While experienced bankers, Bhattal and Jotwani were seen by some Nomura insiders as overly expensive, and some query whether a direct replacement is necessary.

The resignation of Jessie and Tarun was like clearing a cloud over us. Simply because they were expensive, said one Nomura executive in Tokyo, who did not want to be named because of the sensitivity of the matter.

While Bhattal and Jotwani's compensation were not disclosed by Nomura, Asia bank CEOs and senior executives can earn $5-$10 million a year, according to Asia headhunters.

The Nomura executive also suggested the departures of Bhattal and Jotwani symbolize the failure of the Lehman acquisition. I think we should have bought all of Lehman, the U.S., Europe and Asia, but we didn't buy the Americas. That was a mistake.

The size of the fee pool in the United States is very big, and I think the European investment banking business can be successful with a combination of U.S. and European operations,' the executive added.

As part of the largest bankruptcy in U.S. history, Lehman's U.S. business was bought by Barclays.


India-born Bhattal, 55, was the former Asia Pacific CEO for Lehman and helped negotiate the sale to Nomura. A seasoned international banker, he was a key legacy Lehman figure who played a major role in pushing Nomura beyond the Japanese market, where it is the undisputed No. 1 investment bank.

Bhattal, who according to one former Lehman colleague is likely to now join an Indonesia-focused private equity venture, was chief executive of Nomura's wholesale division, which posted a 73 billion yen ($950 million) pre-tax loss in the July-September quarter, hit like other global banks by the downturn in financial markets and a slowdown in dealmaking.

His early departure has been attributed by some to a clash over Nomura's $1.2 billion cost-cutting drive launched in November that mainly targeted the wholesale operations and stepped up a restructuring amid the threat of a possible credit rating downgrade.

While Nomura succeeded in certain areas and continued as the dominant investment bank in Japan, its league table status outside Japan never really showed it gaining much ground on the major banks.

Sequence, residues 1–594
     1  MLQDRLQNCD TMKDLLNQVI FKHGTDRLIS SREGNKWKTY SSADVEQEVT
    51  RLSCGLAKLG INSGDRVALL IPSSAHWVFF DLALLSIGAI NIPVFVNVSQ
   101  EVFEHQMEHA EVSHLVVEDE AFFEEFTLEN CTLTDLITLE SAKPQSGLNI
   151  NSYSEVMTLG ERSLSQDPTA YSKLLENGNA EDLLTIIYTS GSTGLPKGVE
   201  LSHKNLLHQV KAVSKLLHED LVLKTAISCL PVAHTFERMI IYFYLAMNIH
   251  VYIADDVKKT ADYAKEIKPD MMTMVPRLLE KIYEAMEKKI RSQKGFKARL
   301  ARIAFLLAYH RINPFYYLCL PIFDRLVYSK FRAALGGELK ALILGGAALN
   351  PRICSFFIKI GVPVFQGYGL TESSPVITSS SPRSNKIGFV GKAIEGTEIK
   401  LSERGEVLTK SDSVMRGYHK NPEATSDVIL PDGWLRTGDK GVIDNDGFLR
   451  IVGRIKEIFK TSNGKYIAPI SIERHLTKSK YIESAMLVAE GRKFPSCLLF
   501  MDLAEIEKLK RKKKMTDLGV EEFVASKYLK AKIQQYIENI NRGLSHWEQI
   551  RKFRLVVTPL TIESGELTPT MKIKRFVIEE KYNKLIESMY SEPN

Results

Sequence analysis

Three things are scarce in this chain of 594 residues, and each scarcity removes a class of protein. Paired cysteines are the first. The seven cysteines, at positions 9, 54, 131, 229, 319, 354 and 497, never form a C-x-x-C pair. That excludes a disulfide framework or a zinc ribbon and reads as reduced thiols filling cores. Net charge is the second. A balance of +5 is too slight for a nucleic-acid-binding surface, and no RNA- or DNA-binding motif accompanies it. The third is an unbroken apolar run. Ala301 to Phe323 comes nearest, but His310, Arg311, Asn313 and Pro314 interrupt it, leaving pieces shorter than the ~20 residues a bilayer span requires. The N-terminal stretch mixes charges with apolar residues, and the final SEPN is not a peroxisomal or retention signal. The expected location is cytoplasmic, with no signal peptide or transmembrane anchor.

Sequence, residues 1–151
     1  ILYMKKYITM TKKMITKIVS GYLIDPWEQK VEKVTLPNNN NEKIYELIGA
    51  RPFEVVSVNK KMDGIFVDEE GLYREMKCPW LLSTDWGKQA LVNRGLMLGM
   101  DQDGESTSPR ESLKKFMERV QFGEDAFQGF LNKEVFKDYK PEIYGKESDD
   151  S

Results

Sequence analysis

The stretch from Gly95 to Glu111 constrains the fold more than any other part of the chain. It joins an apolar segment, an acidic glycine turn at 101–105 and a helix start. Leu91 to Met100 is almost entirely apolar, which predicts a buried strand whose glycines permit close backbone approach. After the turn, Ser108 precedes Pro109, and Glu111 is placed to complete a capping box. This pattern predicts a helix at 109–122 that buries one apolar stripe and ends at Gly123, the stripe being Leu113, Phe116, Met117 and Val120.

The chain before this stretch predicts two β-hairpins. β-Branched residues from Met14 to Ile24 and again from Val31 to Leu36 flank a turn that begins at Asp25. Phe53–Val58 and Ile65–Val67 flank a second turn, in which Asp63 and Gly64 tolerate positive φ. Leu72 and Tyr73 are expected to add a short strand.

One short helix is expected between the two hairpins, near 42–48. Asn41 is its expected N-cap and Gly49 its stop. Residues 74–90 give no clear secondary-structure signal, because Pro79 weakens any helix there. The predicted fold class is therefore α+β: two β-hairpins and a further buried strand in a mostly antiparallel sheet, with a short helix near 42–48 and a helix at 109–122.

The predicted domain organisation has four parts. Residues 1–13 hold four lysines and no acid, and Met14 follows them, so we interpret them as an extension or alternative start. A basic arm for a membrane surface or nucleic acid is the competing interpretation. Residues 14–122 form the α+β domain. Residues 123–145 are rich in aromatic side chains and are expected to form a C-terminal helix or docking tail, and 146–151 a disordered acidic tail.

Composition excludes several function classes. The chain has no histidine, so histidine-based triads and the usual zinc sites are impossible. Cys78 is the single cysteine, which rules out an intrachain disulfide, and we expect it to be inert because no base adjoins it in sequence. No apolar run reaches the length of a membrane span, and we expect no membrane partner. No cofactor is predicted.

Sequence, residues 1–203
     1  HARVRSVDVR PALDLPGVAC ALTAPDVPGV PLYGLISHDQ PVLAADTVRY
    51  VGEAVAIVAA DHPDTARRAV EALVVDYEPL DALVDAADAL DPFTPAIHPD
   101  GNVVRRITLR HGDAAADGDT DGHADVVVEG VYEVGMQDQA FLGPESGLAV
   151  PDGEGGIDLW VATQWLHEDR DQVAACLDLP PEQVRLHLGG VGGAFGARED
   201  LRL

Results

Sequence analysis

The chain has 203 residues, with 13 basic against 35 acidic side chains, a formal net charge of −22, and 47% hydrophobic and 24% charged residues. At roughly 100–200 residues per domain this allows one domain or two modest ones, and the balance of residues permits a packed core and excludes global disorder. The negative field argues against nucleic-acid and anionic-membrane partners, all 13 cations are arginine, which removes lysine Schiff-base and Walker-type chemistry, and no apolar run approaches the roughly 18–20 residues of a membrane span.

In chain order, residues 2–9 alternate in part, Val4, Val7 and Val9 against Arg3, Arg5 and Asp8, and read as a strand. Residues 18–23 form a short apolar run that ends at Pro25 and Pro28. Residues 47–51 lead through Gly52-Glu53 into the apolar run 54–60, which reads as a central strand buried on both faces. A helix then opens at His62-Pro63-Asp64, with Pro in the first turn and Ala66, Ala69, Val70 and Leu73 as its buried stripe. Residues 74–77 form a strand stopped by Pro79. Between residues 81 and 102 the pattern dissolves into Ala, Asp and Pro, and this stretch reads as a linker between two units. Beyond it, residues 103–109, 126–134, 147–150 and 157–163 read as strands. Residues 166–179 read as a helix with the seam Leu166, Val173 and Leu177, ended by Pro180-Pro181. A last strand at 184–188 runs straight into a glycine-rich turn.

It ranked first in Japanese equity capital markets in 2011, working on $6.8 billion worth of deals, but outside its home base it ranked just 32nd in Asia Pacific, according to Thomson Reuters data.

The wholesale division's woes pushed Nomura to a group net loss of 46.1 billion yen in July-September, its first quarterly loss in more than two years. Bhattal told Reuters at the time that conditions in the investment banking industry were as tough as during the 2008 financial crisis.

According to Thomson Reuters SmartEstimate, which gives more weighting to higher-ranked analysts' forecasts, Nomura is expected to post a net loss of almost 14 billion yen ($182.3 million) for the year to end-March, almost double the mean forecast of analysts covering the stock.

Nomura's stock has lost three-quarters of its value since the Lehman deal, dropping its price-to-book value below 0.5 and triggering Japanese media to speculate that it could become a takeover target of one of the big Japanese commercial banks.

The company's shares rose 3.2 percent on Wednesday to a 4-week closing high of 259 yen.

The earnings downturn prompted Moody's Investors Service to place Nomura's Baa2 debt rating under review for possible downgrade. It is currently two notches above speculative grade.

($1 = 76.7950 Japanese yen)

(Additional reporting by Michael Flaherty, Denny Thomas and Elzio Barreto in HONG KONG and Nathan Layne in TOKYO; Editing by Ian Geoghegan)